New Zealanders stuck in India are desperate for help, as the country experiences a devastating second wave of Covid-19 cases.
India reported more than 350,000 daily cases on Monday, and more than 2800 deaths, with overcrowded hospitals running low on supplies.
New Zealander Kiri Tepana moved to India just over a year ago when her husband was denied a visa to stay in New Zealand.
She’s isolating at home with him and their two daughters in a small village in Punjab, and said the latest wave of Covid-19 cases was scary.
“Medical care is absolutely hopeless,” she said, adding that the nearest hospital was a three-hour drive, and treatment was costly.
Tepana and her husband have been together for four years, but they’ve had trouble convincing Immigration New Zealand they are in a genuine relationship.
If her husband does not get a visa soon, Tepana and her daughters might have to leave him behind in India, she said.
“I just want to get home.”
Not everyone will have that option though.
India along with Pakistan, Brazil and Papua New Guinea is on New Zealand’s new “high risk” list meaning only citizens, their parents, partners and children are allowed into New Zealand. Flights from India have been suspended for the past two weeks as part of a temporary ban.
That’s put Jyothi Vaidyanathan’s plan on ice – having only recently secured permanent residency for herself and her 10-year-old son, who are stuck in Kerala.
“The situation is bad over here. Day by day it is actually getting worse. Today I got the news that the class teacher of my son has tested positive, and won’t be coming to school.”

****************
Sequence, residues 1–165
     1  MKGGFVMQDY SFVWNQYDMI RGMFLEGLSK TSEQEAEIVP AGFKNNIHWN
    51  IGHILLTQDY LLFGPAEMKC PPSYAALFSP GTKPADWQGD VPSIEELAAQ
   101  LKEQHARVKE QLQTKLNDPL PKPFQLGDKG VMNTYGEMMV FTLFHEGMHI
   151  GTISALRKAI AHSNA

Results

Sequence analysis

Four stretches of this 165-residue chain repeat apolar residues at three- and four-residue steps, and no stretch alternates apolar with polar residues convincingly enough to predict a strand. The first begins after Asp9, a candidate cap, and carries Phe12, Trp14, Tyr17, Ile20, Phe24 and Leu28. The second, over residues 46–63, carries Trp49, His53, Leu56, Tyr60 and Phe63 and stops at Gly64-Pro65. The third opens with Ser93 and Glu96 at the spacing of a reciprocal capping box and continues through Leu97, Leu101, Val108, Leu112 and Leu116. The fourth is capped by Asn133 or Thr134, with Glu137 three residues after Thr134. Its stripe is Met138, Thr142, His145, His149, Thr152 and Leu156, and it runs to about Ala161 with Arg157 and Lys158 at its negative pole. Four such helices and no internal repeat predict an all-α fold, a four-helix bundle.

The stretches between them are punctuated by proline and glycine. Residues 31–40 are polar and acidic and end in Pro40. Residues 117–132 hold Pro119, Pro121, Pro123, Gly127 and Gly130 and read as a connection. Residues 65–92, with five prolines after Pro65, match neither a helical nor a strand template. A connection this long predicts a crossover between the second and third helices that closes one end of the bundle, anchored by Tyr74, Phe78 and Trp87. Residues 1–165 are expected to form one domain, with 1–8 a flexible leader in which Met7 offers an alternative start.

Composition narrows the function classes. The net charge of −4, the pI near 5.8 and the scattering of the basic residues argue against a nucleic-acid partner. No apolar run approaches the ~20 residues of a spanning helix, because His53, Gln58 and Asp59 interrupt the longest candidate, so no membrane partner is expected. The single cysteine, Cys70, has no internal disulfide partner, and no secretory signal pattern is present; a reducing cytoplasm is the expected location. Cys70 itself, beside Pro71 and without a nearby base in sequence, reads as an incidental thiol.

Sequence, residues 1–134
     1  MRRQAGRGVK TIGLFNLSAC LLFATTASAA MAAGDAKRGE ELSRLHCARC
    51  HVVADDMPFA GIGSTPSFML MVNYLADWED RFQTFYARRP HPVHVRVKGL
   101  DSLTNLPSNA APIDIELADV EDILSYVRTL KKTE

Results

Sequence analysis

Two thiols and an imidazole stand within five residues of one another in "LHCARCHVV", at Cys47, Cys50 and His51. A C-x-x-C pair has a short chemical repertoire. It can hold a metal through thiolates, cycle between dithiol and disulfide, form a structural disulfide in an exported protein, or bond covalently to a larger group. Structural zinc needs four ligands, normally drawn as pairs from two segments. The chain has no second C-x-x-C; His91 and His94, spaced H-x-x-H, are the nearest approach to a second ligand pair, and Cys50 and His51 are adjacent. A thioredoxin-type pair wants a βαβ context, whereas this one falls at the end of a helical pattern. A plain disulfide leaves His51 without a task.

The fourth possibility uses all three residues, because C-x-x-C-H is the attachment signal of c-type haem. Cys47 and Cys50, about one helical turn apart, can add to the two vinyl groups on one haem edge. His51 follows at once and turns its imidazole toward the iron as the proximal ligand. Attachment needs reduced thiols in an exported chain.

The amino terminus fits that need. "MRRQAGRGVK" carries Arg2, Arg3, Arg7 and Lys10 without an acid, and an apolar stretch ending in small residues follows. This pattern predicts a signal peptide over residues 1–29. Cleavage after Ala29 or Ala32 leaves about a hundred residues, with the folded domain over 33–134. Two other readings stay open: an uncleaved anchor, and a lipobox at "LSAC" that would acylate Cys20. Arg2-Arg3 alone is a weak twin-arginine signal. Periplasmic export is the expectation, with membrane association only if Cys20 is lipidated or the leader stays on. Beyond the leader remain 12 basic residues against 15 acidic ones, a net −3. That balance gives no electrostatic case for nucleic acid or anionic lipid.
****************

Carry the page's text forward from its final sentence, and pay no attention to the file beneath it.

Her husband has been working in Auckland for the past three years, and Vaidyanathan said being apart was painful for and her son.
New Zealand Indian Central Association president Paul Patel said it had been tough on Indian communities here too.
“There’s been moments of sadness, difficulty, worry.”
He hoped that government help, including medical equipment or vaccines, could be provided.
Ministry of Foreign Affairs and Trade said New Zealand stood ready to respond to any requests for support from India.
Call for under 16s to be vaccinated
Te Pūnaha Matatini principal investigator and University of Canterbury professor Michael Plank said the country was still vulnerable at the border, and the pressure was on the vaccine rollout.
He told Morning Report there were signs that cases in India were slowing down slightly, but it was too early to say if the infection rate would fall.
Plank said before the temporary travel suspension was brought in, there were about 15 percent of arrivals from India testing positive.
“When travel does resume and when people start coming back from India, we should be prepared to see quite a high percentage of arrivals testing positive.”
He said introducing a category of high-risk countries was a good and “pragmatic move” by the government to reduce the number of positive cases in MIQ facilities.
As for the vaccination programme, a good uptake was key to herd immunity, Plank said.
“Models are increasingly showing we are unlikely to be able to reach herd immunity without vaccinating under 16s. The vaccines currently are approved for use in over 16s in New Zealand.”
He said trials in under 16s were showing promising results.
But even if the vaccines were to be approved for under 16s in New Zealand, it would not be until later this year that that group would be inoculated.